Former Chiefs Lineman Will Shields Up For Fourth Time As Hall Finalist
After striking out three times in a bid to make the Pro Football Hall of Fame, this may be the year that former Kansas City Chiefs offensive lineman Will Shields gets in.
He’ll find out this weekend when the announcement is made in Arizona where the Super Bowl is taking place. There’s hope that Shields’ involvement with one of the NFL’s hottest issues off the field may put him over the top.
During a 14-year Kansas City Chiefs career that ended in 2006, you rarely heard the name Will Shields called out at Arrowhead Stadium — except for during the pre-game introductions. But even then he typically mixed in as a guard without extra fanfare among the rest of his linemates.
But there was something different about Shields than the rest of the guys. It wasn’t just his ironman track record with the Chiefs — 224 games played without being sidelined. Shields made some noise, though unexpectedly from someone as quiet as he is off the field.
Since the early stage of his career, Shields took on the issue of domestic violence.
“This is not something he got involved with just recently because of the news,” said Janee Hanzlik, president and CEO of Safehome, a Kansas City shelter for domestic violence victims. “He stands to me as an example of what a football player can do, who takes the stand that healthy relationships are paramount in our society.”
“Plain and simple. I’m healthy, I’m happy, I’m safe and without Will and the foundation there’s no way I could have ever done that," says Summer (who prefers to withhold her last name), a personal trainer and a victim of domestic violence.
Summer added that she appreciates the delicate manner in which Shields handled her domestic violence situation.
“A lot of people try to tell you how to do it, what to do and ‘Oh, you should just leave him. If you do this, then everything will be better.’ Honestly that’s a little irritating,” she said. “But Will was far more of the opinion that he would just be there to facilitate and help if needed. But he never prodded. He never pushed. He was just there.”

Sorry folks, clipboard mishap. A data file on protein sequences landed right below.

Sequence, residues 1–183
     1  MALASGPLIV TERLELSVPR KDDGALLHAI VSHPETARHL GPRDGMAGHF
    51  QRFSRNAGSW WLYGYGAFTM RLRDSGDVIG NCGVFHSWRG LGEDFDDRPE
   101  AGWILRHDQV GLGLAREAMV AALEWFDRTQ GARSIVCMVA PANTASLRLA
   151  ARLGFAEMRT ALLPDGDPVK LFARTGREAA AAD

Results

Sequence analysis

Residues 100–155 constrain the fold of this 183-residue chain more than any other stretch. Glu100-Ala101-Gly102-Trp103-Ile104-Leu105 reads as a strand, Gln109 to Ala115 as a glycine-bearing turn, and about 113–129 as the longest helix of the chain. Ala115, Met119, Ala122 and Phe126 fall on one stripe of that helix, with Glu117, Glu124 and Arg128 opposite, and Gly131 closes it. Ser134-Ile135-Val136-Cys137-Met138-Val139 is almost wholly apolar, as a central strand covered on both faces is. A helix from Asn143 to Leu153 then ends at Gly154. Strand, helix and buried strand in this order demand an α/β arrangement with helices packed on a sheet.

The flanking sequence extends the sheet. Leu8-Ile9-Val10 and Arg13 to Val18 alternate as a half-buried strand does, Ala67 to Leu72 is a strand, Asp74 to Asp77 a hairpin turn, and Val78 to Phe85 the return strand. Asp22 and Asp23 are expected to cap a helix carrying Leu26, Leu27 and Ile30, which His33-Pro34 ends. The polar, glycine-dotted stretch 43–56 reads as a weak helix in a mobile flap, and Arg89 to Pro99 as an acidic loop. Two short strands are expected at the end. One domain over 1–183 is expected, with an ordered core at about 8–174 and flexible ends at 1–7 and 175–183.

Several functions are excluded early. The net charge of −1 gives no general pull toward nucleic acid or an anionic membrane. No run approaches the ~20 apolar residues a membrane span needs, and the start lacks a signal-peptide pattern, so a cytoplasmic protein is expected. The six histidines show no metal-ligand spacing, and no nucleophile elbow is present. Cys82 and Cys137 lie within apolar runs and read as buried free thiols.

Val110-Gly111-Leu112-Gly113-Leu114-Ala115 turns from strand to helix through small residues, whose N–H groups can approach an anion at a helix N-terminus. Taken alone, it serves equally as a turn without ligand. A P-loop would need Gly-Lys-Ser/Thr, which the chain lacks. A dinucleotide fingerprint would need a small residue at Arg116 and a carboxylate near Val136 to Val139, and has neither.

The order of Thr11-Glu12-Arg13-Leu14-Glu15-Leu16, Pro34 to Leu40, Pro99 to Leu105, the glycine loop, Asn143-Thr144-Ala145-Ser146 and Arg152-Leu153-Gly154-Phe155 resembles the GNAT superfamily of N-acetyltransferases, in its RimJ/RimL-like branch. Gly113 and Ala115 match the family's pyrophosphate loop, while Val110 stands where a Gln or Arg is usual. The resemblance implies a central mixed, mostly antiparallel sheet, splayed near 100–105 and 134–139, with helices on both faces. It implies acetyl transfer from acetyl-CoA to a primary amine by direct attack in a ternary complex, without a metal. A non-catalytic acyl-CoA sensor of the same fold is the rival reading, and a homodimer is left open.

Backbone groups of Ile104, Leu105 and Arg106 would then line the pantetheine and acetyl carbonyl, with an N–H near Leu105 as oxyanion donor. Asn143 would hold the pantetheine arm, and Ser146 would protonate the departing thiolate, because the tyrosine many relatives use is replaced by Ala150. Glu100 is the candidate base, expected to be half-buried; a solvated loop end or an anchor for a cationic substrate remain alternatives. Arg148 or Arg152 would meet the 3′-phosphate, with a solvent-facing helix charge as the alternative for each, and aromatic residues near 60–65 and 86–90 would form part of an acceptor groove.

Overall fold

While the Will to Succeed Foundation continues to work with domestic violence victims, there’s one key individual who’ll speak up on his behalf this weekend: Kansas City Star sportswriter Randy Covitz. He’s in charge of making the pitch for Shields before the Pro Football Hall of Fame selection committee.
When the competition among the Hall of Fame finalists heats up, Covitz will close his case by talking up Shields, the individual.
“It’s what you did on the field, but when the competition is this close, when you’re really flipping a coin between players, what that does in the locker room. The leadership that provides your young players, how do you measure that?” asked Covitz.
But there’s one problem with that argument. Character’s not part of the criteria for admission to the Pro Football Hall of Fame.
Kansas City sportswriter Bob Gretz knows from being on the selection committee for 16 years.
“Under the rules given to us by the Hall of Fame, we’re supposed to consider only what happens between the white lines. Only the play on the field,” said Gretz.
When former Chiefs linebacker, the late Derrick Thomas, made the Pro Football of Fame, Gretz was his presenter. It took four years for Thomas to make the Hall. But Gretz doesn’t believe character ever factored in.
“Derrick did amazing things off the field, but he wasn’t perfect and anybody who knew Derrick knew That,” said Gretz. “He wasn’t perfect, but we’re not voting for the Hall of Perfect Person. We’re not voting for the hall of a nice guy. We’re voting for the Pro Football Hall of Fame.”
Shields has a strong case on the field, but played a position that isn’t measured for stats except for longevity.
For 12 straight years, Shields was voted to the Pro Bowl for the NFL’s all-star players. If he’s elected to the Hall, Shields will be enshrined this summer in Canton, Ohio.
If not, he’ll have to wait another year.